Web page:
When you create your own iFrame applications, you can create the app’s tab icon for the tab navigation, thereby visually connecting the navigation with the other visual elements on the page, or using “idiograms” (e.g., a picture of a fork next to the “menu” tab) to reinforce the tab’s content.
Keep Your Navigation Pruned!
Pages should avoid navigation that’s cluttered with too many tabs (particularly tabs where there’s little or no content), icons of widely varying quality and design (those gray Static FBML icons now look dated and a bit ugly) and randomly ordered rather than by importance.
In the above examples—and, mind you, these are from big brands—there are events tabs with no events, applications with no icons, lots of stale Static FBML icons, etc. These brands would never be this sloppy with their website’s navigation!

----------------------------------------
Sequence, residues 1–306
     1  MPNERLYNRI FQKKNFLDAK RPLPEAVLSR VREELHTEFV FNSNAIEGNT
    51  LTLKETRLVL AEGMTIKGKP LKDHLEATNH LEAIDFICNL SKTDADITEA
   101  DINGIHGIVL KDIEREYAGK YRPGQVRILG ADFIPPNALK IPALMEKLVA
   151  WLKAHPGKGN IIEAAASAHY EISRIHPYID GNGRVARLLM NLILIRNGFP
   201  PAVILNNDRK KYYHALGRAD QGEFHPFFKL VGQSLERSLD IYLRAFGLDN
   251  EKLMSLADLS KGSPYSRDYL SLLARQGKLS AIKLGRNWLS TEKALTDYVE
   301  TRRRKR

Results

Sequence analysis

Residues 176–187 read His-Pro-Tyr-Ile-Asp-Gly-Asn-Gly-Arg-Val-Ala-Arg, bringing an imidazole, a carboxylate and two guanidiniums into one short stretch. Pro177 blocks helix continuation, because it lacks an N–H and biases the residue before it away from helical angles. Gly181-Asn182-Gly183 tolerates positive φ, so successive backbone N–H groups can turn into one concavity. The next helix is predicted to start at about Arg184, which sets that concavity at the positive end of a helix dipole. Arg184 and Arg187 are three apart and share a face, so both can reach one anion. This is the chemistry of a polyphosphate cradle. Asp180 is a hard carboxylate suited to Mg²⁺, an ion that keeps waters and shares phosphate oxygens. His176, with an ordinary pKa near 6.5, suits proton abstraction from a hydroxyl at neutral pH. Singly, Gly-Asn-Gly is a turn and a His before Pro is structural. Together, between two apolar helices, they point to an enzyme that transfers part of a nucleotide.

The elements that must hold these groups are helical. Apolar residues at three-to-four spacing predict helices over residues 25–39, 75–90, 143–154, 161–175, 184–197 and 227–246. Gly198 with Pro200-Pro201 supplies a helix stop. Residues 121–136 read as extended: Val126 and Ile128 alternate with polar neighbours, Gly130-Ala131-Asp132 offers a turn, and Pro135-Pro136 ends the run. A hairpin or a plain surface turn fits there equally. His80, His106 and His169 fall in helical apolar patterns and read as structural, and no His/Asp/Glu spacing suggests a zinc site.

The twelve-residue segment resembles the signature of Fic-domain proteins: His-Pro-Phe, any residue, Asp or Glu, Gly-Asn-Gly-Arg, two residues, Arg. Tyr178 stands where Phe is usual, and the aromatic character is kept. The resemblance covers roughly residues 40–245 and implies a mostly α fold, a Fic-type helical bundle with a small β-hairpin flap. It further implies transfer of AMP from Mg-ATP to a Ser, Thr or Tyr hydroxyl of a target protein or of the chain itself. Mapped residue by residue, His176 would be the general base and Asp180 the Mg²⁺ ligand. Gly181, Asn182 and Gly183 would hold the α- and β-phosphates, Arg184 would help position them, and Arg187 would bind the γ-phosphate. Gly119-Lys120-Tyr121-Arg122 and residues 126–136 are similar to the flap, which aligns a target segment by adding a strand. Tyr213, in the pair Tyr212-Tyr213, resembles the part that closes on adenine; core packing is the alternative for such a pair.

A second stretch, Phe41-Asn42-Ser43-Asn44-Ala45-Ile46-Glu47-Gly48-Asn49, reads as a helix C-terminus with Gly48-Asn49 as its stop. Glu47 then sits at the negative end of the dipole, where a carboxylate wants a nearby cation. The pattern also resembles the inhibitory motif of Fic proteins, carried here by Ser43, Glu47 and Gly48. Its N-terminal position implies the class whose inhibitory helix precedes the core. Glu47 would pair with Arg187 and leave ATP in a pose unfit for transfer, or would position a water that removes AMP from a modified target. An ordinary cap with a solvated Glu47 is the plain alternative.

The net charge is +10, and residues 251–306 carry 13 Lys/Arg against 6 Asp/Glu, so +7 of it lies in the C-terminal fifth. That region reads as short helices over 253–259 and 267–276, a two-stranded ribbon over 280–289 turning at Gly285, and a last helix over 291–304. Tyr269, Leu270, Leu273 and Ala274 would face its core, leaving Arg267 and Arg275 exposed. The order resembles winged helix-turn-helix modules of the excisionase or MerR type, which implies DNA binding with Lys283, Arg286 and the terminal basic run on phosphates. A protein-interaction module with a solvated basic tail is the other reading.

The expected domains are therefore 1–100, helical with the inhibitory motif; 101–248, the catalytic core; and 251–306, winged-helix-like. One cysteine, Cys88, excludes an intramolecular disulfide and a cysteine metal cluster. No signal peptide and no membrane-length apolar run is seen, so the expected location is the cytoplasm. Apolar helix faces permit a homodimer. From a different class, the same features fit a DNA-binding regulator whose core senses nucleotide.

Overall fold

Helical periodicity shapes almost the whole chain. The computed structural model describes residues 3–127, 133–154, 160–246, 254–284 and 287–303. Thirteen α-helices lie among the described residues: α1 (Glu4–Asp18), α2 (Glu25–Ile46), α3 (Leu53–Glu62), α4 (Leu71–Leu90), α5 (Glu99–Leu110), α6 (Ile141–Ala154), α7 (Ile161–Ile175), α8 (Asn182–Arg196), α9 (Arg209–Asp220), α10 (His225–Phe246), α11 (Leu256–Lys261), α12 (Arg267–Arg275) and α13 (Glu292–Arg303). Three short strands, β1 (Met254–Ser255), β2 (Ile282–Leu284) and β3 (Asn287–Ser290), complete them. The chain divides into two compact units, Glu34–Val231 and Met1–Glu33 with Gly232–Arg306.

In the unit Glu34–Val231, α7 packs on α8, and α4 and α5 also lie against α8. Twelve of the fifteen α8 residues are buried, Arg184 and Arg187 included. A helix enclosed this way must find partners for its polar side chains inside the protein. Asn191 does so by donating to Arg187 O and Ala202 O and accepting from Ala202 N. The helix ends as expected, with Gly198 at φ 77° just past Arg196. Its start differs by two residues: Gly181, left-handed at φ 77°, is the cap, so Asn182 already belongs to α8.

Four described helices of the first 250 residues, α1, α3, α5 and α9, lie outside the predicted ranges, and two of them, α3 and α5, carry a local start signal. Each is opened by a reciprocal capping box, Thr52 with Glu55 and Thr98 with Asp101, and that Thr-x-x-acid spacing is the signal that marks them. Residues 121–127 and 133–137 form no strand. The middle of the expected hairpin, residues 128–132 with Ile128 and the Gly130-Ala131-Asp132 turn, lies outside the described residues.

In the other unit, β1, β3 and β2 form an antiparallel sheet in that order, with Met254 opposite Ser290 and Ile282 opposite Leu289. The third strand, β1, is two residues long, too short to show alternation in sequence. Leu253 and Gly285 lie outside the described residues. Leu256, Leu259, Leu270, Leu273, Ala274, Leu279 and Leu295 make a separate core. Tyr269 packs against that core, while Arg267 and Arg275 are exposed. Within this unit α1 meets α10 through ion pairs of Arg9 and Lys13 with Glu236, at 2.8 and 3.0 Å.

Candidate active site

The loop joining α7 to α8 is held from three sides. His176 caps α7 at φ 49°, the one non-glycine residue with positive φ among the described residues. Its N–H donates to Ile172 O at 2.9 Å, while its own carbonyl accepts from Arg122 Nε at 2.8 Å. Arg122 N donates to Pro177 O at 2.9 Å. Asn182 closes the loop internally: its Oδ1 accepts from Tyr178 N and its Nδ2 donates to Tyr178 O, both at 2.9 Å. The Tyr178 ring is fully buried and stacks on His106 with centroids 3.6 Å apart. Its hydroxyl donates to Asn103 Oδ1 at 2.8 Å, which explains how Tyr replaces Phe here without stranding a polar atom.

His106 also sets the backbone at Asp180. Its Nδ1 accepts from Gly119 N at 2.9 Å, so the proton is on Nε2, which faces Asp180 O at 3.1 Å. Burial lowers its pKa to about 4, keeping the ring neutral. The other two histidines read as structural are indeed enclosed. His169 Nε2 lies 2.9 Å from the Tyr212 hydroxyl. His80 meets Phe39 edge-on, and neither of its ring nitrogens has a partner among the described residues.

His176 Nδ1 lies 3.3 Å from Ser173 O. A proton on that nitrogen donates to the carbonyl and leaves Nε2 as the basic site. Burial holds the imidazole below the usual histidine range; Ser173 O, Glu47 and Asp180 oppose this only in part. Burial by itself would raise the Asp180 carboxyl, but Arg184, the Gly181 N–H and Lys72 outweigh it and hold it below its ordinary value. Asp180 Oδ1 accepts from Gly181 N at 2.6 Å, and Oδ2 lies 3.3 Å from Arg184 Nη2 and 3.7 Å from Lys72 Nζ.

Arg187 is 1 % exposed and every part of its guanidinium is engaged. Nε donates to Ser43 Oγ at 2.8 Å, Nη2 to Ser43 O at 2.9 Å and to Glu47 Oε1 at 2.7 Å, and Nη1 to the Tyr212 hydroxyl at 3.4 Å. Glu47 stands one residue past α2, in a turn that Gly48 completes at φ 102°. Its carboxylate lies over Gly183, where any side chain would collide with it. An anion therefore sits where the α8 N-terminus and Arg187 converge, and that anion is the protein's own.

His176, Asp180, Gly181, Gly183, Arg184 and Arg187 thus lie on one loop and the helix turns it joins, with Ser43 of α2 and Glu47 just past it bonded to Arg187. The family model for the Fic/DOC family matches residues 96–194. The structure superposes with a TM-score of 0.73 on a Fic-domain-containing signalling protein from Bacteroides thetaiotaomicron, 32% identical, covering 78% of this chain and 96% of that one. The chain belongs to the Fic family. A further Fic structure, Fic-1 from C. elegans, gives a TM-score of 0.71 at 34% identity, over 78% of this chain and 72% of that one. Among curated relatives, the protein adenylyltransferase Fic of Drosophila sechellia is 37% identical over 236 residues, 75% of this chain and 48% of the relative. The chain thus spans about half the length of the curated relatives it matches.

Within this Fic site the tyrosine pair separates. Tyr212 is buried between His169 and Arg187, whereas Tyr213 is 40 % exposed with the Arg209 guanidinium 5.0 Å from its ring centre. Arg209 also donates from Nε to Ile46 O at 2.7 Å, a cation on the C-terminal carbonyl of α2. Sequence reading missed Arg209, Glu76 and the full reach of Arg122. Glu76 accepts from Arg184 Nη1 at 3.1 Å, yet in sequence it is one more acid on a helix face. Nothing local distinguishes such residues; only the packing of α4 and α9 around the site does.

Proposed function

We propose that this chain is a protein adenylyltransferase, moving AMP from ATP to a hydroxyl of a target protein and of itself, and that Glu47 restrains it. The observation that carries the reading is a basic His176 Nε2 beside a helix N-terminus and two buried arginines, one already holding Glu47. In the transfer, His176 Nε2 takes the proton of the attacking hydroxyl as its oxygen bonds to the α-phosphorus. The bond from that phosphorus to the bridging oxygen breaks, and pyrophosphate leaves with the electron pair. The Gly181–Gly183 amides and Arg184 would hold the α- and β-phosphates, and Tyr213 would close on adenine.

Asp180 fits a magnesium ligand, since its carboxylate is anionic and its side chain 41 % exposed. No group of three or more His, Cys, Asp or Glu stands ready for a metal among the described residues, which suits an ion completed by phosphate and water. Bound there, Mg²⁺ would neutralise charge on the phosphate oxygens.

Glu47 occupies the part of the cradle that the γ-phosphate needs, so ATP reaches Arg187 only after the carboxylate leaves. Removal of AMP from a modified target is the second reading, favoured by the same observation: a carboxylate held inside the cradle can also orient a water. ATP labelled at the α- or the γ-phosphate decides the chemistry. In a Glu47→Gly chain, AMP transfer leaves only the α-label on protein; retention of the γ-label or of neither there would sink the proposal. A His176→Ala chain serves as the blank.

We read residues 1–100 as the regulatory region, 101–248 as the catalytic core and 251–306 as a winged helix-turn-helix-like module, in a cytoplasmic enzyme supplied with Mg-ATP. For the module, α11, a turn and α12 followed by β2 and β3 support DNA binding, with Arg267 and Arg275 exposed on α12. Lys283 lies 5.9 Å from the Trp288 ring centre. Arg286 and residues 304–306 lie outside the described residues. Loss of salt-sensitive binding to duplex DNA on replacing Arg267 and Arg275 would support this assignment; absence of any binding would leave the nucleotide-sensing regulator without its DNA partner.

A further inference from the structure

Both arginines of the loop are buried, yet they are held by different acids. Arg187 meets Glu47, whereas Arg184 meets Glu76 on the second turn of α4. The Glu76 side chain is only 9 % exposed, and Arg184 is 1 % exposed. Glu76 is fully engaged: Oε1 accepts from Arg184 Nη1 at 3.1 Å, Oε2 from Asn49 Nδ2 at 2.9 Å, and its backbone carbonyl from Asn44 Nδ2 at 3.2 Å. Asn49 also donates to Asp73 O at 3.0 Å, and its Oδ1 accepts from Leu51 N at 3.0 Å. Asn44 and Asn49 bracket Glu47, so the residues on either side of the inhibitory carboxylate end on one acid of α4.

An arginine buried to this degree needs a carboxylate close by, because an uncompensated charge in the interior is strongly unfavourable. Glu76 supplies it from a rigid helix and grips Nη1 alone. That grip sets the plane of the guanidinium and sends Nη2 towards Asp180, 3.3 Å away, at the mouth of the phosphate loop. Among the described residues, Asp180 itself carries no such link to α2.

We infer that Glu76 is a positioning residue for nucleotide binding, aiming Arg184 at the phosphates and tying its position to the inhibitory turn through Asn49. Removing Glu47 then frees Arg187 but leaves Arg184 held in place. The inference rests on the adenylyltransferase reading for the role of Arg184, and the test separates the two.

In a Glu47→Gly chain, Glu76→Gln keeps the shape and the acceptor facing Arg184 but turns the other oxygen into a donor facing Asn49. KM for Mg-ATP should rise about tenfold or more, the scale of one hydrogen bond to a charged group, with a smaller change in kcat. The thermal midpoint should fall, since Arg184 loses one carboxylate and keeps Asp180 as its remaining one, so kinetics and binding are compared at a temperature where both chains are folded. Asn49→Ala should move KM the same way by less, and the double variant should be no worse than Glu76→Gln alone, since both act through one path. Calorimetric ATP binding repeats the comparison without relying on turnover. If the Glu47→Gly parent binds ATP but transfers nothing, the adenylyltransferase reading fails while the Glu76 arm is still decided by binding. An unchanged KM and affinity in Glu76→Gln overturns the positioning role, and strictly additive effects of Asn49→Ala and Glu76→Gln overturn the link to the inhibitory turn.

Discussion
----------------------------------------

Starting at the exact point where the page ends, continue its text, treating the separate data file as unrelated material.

In terms of pages that are paying attention to their navigation, there were pages that went with the pared-down and minimal…
…and others that used custom icons (which you can do when creating iFrame page tabs) to create a unified look:
Featured Likes—Opportunities for Cross-branding and Partnerships
The “Featured Likes” area in the left column below the Like count, presents a great opportunity for brands to highlight other pages they own, partner pages or just related by interest:
Admins have a lot of control over the Featured Likes.
Via “edit page > featured” you can select which of your Liked pages (these are pages that your page has Liked, not your personal profile) will show up in the rotation of five pages.
The Take-away: Consider All Elements of Your Visual Branding
Because the old layout only allowed visual branding of the profile picture and custom tabs, that’s really all those in charge of visual branding had to pay attention to.
But it’s a new day and a new layout—crisp and clean—so look at all the above elements, think creatively and use them all together to display a strong and compelling presence!
What do you think of these changes? If you have any questions or comments, please leave them in the box below.